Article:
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Questions, concerns at first IPS school closures meeting

INDIANAPOLIS, Ind. – Tonight, dozens of parents are learning more about the IPS taskforce recommendation to close three high schools.

A facilities report out late last week lays out a timeline to make a decision in time for the 2018 school year

However, no decision has been made about which schools to get rid of.

IPS high schools are way under capacity.

The district says closing a few will save $4 million, but some parents and neighborhood leaders argue communities will lose millions too.

“Schools are the heart of the community,” said IPS parent Valerie Garrett. “When a school is gone, the community suffers.”

Valerie Garrett has a middle schooler whose high school, Arlington, may be closed by the time she’s a freshman.

“When that high school closes, what do you do?” asks Garrett. “In the reports that I read, they sell the building. Who wants to buy a high school building? What are they going to put in?”

While the taskforce members say they’re prepared to have community meetings to brainstorm ideas for how to utilize the empty buildings, Garrett worries that a large, boarded-up building, could slowly destroy her neighborhood.

She and IUPUI urban education professor Jim Scheurich believe the district report doesn’t show careful thought about the community impact of closing community schools.

“How can you talk about closing schools without looking carefully at the impact on the different racial communities in Indianapolis?” asked Scheurich from the podium.

The taskforce which wrote the report explained the growth trends they see, that led them to recommend closing some high schools, which Garrett also questioned.

“If you have an increase in enrollment in elementary-aged children and at the same time frame have a decrease in high school enrollment, where are these eighth-graders going if they’re not going to high school?” questioned Garrett.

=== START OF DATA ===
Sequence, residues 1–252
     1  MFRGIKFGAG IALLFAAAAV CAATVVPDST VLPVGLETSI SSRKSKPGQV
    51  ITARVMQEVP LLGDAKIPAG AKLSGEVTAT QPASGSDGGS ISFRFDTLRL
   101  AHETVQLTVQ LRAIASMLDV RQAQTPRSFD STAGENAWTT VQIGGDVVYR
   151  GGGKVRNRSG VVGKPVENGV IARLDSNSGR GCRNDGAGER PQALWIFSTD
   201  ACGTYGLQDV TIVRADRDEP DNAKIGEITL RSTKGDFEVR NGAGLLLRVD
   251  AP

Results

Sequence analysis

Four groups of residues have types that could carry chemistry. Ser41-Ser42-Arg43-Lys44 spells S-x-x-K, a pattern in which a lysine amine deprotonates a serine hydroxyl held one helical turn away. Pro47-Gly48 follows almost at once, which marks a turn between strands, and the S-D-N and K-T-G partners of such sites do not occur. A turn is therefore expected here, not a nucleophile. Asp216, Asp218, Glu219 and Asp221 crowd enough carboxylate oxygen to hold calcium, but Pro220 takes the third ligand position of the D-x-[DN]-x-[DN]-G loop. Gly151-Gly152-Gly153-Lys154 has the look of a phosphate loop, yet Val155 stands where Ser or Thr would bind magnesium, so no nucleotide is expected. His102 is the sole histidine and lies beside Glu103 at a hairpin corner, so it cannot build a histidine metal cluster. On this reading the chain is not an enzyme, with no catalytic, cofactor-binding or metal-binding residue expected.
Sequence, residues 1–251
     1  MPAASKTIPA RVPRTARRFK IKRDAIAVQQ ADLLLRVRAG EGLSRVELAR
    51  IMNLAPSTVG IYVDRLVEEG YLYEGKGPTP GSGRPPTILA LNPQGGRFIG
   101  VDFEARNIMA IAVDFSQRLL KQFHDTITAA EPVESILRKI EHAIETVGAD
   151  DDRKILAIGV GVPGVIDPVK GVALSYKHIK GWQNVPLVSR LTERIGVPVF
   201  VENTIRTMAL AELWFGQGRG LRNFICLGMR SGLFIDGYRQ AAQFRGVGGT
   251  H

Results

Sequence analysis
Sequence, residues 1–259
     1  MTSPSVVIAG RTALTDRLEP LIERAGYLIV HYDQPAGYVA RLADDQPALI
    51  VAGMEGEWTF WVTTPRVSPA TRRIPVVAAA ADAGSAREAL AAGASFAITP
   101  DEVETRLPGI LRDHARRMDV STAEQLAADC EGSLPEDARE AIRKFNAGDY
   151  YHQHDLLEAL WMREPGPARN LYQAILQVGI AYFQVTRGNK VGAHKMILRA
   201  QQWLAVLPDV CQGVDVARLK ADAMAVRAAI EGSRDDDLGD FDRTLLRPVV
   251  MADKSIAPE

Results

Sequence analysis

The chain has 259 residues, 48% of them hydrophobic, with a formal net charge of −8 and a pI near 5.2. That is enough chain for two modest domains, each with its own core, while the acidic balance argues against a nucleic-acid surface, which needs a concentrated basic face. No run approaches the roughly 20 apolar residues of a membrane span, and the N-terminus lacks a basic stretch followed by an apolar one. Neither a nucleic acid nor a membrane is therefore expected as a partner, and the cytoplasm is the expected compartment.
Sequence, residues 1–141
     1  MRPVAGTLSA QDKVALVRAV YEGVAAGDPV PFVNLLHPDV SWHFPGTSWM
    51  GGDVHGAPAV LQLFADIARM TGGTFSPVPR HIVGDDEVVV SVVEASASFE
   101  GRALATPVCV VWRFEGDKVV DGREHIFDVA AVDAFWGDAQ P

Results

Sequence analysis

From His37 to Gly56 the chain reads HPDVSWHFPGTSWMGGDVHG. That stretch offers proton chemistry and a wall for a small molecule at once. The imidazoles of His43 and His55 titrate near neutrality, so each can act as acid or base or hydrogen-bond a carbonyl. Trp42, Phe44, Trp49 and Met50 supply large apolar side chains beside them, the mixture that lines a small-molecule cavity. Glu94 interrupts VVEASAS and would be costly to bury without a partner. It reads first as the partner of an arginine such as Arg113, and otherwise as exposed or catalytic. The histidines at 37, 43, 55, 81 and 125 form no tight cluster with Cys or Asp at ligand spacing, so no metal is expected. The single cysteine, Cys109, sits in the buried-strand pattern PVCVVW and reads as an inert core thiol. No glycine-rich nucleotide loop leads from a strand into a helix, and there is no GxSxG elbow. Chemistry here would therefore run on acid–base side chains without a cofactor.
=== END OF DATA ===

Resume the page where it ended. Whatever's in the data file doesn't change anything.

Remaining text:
Taskforce representatives say they’re projecting most of the growth in elementary schoolers will be absorbed by other area public, private and parochial schools. They even project that many students will go to a growing number of IPS innovation network schools.

Board president Mary Ann Sullivan hopes people keep showing up to the community meetings to ask tough questions to help them weigh their options.

“I also think that it’s an opportunity for people to understand kind of the hard reality that the board has to deal with as stewards of the public trust,” said Sullivan.

There are some that are better and some that are worse than others,” said Garrett of the options facing parents. “It’s a fight.”

There are four more meetings scheduled in April and May for public discussion, with a fifth possible depending on .

At some meetings, you may have to sign up ahead of time to speak. Check back on this story for a link to the sign-up page closer to the next meeting.

Meeting Schedule:
Wednesday, April 26
Glendale Library
6101 N. Keystone Ave.
Indianapolis, IN 46220
6:00 - 8:00 pm

Monday, May 1
Ivy Tech Culinary Center
2820 N. Meridian Street
Indianapolis, IN 46208
6:00 - 8:00 pm

Thursday, May 11
Zion Hope Baptist Church
5950 E 46th Street
Indianapolis, IN 46226
6:00 - 8:00 pm

Monday, May 15
Haughville Library
2121 W. Michigan St.
Indianapolis, IN 46222
6:00 - 8:00 pm

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